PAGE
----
We've all got our favoured version of hot chocolate. My preference these days is for le chocolat chaud, in the Parisian style. This is no commercial drinking chocolate, which I've always found a bit too sickly sweet for my taste, or milky cocoa which reminds me of being a young child. But rather a rich, smooth and creamy, intensely chocolatey experience (can we have more adjectives please!) that leaves you totally satisfied with one cup. Though I guess that depends on the size of the cup! It really is an adult's drink, particularly if one goes as far as adding a dash of liqueur 'deliciousness' like Kahlua, Frangelico or Amaretto.

The key to a great chocolat chaud though, is the quality of the chocolate that is used. There is chocolate and there is chocolate!! For this drink, for me, there is only one choice and it is couverture chocolate. Couverture chocolate is chocolate which has a minimum of 32% cocoa butter. It is the chocolate that chocolatiers work with. It melts beautifully unlike most chocolate found on supermarket shelves, which is comparatively low in cocoa butter. Mouth melt is outstanding. And it also has a high cocoa mass. Most couverture has a cocoa mass of at least 55-70%. It is different to cooking chocolate which has little cocoa butter and vegetable oil (usually palm oil) substituted. 

And certain chocolate is thought to have some health benefits (research is still ongoing). Some recent research even points strongly to the beneficial effects on brain activity, including reasoning, memory and recall. But it needs to be cacao-rich, dark chocolate with a minimum cocoa mass (as opposed to cocoa butter mass) of 60%. Suits me as I've never really cared for milk chocolate, and my brain does need a bit of attention! I'm starting to think that all those cups of hot chocolate have served Gamache well in deciphering the information he has collected.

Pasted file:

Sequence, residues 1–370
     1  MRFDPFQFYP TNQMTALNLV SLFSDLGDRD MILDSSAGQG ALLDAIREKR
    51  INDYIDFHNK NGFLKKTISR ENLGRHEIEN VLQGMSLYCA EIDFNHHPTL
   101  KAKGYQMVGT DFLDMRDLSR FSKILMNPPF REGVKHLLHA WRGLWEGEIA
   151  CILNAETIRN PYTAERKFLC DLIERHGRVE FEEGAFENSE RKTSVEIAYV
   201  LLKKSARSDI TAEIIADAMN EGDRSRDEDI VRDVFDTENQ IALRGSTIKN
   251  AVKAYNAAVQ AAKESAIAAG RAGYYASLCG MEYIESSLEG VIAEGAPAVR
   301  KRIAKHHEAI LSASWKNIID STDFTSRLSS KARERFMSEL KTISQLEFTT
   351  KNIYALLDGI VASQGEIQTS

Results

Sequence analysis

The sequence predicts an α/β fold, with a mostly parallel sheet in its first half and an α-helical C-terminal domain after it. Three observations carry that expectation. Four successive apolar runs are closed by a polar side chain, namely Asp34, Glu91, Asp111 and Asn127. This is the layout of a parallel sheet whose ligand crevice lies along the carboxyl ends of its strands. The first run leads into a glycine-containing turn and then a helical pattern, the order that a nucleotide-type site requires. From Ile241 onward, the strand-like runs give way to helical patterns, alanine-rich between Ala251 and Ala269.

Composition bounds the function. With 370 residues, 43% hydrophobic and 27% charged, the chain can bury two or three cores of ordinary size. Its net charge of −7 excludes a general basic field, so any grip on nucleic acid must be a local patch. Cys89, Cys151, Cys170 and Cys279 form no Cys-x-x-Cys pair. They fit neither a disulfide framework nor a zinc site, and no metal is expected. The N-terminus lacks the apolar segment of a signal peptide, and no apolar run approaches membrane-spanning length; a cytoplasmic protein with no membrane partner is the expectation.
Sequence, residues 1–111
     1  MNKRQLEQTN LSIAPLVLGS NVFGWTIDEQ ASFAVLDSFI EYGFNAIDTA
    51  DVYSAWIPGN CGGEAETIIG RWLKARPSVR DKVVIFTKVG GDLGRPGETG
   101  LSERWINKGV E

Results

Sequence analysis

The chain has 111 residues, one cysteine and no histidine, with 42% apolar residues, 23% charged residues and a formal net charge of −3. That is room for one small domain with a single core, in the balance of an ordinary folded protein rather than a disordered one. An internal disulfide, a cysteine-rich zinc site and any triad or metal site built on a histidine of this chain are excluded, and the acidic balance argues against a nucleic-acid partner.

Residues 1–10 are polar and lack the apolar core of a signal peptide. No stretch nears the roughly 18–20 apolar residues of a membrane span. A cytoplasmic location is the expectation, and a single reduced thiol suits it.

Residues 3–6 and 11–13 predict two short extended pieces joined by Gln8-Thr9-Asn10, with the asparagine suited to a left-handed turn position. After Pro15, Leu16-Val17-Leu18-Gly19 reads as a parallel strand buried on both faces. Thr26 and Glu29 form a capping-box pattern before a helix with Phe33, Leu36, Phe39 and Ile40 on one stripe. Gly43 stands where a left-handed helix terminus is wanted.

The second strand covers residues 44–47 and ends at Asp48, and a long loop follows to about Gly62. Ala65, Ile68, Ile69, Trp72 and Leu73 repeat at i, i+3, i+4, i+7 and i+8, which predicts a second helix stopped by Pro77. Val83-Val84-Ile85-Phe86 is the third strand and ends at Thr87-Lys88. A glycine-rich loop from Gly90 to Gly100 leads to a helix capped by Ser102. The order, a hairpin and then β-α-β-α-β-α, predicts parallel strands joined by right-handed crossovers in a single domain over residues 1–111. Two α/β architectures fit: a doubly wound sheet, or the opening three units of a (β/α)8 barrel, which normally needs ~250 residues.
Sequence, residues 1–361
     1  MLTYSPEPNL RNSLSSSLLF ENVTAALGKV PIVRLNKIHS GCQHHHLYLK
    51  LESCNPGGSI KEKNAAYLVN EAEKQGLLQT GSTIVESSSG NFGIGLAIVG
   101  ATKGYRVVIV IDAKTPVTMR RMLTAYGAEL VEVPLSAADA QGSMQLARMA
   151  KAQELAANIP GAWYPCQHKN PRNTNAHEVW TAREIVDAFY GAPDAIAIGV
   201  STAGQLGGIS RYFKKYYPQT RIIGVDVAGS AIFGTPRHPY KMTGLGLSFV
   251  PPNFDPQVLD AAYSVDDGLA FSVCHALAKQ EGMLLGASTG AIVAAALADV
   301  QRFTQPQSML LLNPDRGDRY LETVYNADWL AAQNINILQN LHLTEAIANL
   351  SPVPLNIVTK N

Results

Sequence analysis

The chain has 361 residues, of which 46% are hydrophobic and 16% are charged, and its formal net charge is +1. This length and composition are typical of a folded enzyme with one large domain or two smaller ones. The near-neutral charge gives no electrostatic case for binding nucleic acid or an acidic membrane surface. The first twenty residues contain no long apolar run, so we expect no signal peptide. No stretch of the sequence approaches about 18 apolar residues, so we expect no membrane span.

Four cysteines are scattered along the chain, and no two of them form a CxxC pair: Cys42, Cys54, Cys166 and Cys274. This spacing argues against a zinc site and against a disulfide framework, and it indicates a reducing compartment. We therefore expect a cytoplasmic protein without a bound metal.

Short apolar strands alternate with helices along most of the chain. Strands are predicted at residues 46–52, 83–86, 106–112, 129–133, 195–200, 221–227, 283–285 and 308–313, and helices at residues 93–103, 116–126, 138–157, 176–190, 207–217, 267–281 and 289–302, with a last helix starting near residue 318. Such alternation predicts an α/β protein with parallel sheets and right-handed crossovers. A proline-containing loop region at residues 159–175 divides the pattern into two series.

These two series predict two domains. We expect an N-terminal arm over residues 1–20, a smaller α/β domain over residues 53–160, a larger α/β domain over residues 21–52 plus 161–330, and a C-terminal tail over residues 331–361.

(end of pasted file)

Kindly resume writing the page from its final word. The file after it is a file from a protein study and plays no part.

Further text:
Armand Gamache sat in the Paillard bakery on rue St-Jean and stared at Augustin Renaud’s diary. Henri was curled up under the table while outside people were trudging head down through the snow and the cold. ... Gamache took a sip of hot chocolate. (Bury Your Dead, Kindle, p.243)
Paillard bakery, rue St-Jean

This was the moment that Gamache started to make sense of the information he had been puzzling over, and identified some significant connections. It is a relief to have him so engaged with the investigation, giving respite from the voices in his head and the pain of working through Agent Morin's death and that of his other agents. He is haunted by a terrible mistake. 

His late night walks through the streets of Quebec City, as conversations with Agent Morin play in his mind, have recently resonated with me rather deeply. I have had the voice and face of a dear girlfriend in my head in anticipation of catching up with her husband who I had not seen for quite a few years, as he lives interstate. We are forever connected by her, and she, like Agent Morin is forever young, killed in (what seems a lifetime ago) a horrendous car accident with their eldest child. It was so terribly, numbingly shocking. I don't know if (in those days) we really understood well enough how to handle grief or support someone else through their grief. Back then there was a stultifying reserve in talking about things. And there certainly wasn't the level of counselling services that are available today. And we were all so young and relatively inexperienced, in our twenties.